The Red Angus is a cattle breed that is sturdy and well-built, making it an excellent beef breed. It’s nearly identical to the Scottish Aberdeen Angus cattle breed, but it features a handsome, reddish-brown coat. This coat has some benefits for these cows, like providing them with better heat tolerance than their cousins. Keep reading for more information about the Red Angus cattle breed.

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Quick Facts about Red Angus Cattle

Breed Name:Red Angus
Place of Origin:Europe
Bull (Male) Size:2,000 pounds
Cow (Female) Size:1,400 pounds
Color:Reddish brown
Lifespan:12–25 years
Climate Tolerance:Tolerant to hot, sunny areas
Care Level:Easy

Red Angus Cattle Origins

The Red Angus shares its origins with the Scottish Aberdeen Angus. Their ancestors originated in Europe, although it’s unclear exactly where their origin was. It’s believed that the Vikings bred or acquired these cattle, then brought them to Scotland and England.

The Scottish Aberdeen Angus was first entered into its own herd book in 1862, but the breed description did not provide for differences between red and black cattle. Until 1954, the Red Angus was listed as a distinct breed from the Scottish Aberdeen Angus.

Red Angus
Image Credit: Wild0ne, Pixabay

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Red Angus Cattle Characteristics

In the world of cattle, the Red Angus is a medium-sized cattle breed. It’s a naturally polled breed, which means that both males and females naturally lack horns. The reddish-brown coat is the most distinguishable characteristic of the breed, and it does have some benefits.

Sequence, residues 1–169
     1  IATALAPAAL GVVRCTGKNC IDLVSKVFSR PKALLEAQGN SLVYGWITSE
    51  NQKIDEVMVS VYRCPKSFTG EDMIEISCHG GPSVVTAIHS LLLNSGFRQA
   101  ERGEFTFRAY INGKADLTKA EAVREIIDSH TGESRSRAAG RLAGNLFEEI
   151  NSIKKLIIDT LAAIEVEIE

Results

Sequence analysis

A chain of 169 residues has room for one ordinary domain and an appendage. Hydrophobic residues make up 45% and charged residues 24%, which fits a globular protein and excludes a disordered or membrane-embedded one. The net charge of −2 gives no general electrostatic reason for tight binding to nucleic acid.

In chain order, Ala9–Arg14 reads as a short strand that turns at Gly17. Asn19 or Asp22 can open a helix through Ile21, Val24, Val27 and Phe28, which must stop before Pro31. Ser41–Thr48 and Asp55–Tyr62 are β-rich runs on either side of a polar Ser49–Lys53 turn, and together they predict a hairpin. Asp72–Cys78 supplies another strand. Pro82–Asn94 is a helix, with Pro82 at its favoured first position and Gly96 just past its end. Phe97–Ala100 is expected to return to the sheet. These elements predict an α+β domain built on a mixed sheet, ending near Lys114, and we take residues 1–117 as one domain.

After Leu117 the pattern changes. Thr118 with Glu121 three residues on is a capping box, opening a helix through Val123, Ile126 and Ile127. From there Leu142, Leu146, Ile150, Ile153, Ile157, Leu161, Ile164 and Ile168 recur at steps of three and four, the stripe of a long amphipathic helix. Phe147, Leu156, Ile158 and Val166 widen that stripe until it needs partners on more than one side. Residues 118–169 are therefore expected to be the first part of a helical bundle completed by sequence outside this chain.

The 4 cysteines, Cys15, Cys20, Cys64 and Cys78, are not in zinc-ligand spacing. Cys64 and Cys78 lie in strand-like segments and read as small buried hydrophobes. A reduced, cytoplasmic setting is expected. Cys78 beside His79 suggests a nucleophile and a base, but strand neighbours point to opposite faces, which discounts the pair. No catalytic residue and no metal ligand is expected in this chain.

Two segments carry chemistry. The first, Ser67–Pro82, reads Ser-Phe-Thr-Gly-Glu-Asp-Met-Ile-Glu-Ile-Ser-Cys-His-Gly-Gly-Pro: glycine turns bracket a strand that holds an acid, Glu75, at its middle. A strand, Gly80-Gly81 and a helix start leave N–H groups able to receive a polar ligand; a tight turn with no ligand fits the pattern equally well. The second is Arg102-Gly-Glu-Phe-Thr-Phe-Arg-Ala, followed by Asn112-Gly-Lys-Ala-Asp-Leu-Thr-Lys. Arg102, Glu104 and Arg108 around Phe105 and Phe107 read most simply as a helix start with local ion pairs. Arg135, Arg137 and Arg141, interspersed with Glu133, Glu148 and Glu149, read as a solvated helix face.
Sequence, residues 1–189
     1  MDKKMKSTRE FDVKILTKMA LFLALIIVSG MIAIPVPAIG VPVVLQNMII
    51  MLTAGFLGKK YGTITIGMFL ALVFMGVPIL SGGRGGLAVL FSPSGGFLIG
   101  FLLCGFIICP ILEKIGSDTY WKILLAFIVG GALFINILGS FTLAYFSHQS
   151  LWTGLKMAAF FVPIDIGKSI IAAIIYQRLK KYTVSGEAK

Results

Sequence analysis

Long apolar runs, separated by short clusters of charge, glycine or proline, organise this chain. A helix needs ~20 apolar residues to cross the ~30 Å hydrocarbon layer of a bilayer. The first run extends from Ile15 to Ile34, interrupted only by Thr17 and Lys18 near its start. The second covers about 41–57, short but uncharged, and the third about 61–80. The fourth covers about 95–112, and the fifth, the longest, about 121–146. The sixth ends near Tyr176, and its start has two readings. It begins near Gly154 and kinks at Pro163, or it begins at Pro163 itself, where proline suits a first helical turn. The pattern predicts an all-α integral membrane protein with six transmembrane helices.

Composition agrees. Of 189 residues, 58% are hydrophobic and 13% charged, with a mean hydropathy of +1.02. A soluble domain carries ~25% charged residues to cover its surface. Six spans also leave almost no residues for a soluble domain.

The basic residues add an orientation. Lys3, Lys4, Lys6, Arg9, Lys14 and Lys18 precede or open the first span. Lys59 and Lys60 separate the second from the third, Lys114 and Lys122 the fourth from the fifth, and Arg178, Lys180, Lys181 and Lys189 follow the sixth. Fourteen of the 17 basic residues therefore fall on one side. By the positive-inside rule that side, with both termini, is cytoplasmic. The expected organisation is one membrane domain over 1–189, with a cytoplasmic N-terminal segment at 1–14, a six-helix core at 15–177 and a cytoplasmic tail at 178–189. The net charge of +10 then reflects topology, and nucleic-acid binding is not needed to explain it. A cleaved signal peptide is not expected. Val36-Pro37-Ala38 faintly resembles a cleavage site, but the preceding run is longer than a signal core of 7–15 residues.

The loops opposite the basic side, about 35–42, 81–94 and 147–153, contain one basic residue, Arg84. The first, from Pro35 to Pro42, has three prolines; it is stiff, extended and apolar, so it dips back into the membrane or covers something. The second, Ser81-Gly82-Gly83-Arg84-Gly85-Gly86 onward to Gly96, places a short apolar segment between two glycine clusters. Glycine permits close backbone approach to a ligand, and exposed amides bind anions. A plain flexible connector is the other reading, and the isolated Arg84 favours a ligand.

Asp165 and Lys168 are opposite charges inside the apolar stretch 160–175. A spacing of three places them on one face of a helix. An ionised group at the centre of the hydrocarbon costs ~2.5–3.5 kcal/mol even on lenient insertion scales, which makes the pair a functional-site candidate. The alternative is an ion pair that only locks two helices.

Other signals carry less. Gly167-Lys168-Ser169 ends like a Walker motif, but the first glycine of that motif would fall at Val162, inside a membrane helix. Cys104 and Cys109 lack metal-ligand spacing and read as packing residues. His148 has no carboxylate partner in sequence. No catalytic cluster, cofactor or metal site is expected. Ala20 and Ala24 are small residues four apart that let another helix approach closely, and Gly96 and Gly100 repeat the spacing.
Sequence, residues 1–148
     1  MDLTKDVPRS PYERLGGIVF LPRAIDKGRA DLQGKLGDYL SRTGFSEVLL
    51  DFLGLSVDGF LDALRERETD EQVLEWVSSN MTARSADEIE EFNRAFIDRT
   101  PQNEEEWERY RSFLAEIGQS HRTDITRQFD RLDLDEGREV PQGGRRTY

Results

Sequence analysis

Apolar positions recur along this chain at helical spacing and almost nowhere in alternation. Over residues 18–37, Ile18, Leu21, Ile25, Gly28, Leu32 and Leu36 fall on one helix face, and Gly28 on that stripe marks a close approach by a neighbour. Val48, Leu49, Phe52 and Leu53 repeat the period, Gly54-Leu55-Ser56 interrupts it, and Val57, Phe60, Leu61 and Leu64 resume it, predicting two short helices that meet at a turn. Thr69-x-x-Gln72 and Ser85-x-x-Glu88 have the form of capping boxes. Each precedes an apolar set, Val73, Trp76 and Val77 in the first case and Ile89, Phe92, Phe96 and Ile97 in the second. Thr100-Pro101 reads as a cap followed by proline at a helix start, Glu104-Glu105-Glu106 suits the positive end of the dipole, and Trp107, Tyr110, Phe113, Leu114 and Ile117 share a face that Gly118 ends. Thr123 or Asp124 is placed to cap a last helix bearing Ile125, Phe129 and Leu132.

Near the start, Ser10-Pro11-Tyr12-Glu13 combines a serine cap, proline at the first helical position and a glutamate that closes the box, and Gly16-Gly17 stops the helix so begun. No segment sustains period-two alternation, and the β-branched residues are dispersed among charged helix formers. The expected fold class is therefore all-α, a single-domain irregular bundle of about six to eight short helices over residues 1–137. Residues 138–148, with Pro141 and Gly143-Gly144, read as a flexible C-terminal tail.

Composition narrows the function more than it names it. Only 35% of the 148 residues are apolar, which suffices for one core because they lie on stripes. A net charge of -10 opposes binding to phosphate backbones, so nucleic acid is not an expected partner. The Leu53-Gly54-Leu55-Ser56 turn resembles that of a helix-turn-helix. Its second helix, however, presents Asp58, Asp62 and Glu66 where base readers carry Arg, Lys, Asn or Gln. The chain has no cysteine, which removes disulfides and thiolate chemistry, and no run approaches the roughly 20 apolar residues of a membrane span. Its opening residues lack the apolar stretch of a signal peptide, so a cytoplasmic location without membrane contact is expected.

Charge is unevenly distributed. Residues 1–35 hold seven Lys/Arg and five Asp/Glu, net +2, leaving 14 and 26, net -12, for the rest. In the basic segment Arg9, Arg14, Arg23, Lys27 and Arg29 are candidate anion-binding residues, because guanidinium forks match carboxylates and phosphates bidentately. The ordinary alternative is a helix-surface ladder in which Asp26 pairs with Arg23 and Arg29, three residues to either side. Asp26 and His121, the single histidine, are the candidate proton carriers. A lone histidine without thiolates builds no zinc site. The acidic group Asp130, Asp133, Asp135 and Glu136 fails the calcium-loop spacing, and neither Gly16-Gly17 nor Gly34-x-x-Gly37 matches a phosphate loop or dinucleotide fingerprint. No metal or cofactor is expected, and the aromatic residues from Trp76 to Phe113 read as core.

One of the Red Angus’s benefits over its black cousins is its heat tolerance. The red coat doesn’t absorb as much heat as the black coat, and the Red Angus also has pigmented skin underneath the coat, which helps protect them from skin cancer and other sun damage, like sunburned udders and eye damage.

When bred with other Red Angus cattle, the offspring are almost always solid red. However, with the black Scottish Aberdeen Angus cattle, approximately one in every four calves is red instead of black. Breeding Red Angus produces more stable and consistent coloration. When crossbred with black cattle, the offspring may be red, black, or dilute gray.

The Red Angus is known for its gentle, amiable nature, making it a favorite among cattle keepers. Females have strong maternal instincts, and they are able to produce offspring longer than many other cattle breeds. Both characteristics make them excellent candidates for breeding.

close up of a red angus cow's face
Image Credit: PublicDomainPictures, Pixabay


Thanks to their thick, beefy bodies, these cattle are primarily used for meat production. They reach maturity at a young age and reproduce readily and quickly, making them ideal as food production animals. With males reaching up to 1 ton and females reaching around 1,400 pounds, there is plenty of meat on these large animals.

Appearance & Varieties

The Red Angus has a stocky, thick, well-muscled body. The coat is a reddish or ruddy brown, and the skin is pigmented. Neither males nor females have horns in this breed.


These cattle are popular in both Europe and North America. Scottish Aberdeen Angus cattle were more popular in both areas for many decades, but their weather tolerance and gentle nature have led to a rise in popularity for the Red Angus. There are not any known feral populations of these cattle.

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Are Red Angus Cattle Good for Small-Scale Farming?

This is entirely dependent on your intentions with your small-scale farm. Red Angus cattle are an excellent option for meat, and a single cow can provide more than enough meat for one household for a year. While they are easy to manage and are hardy cattle, they are not a great option for milk production. The Red Angus is suitable for small-scale farming operations that want to use the cattle for meat or simply as large, loveable pets.

Featured Image Credit: EcoPrint, Shutterstock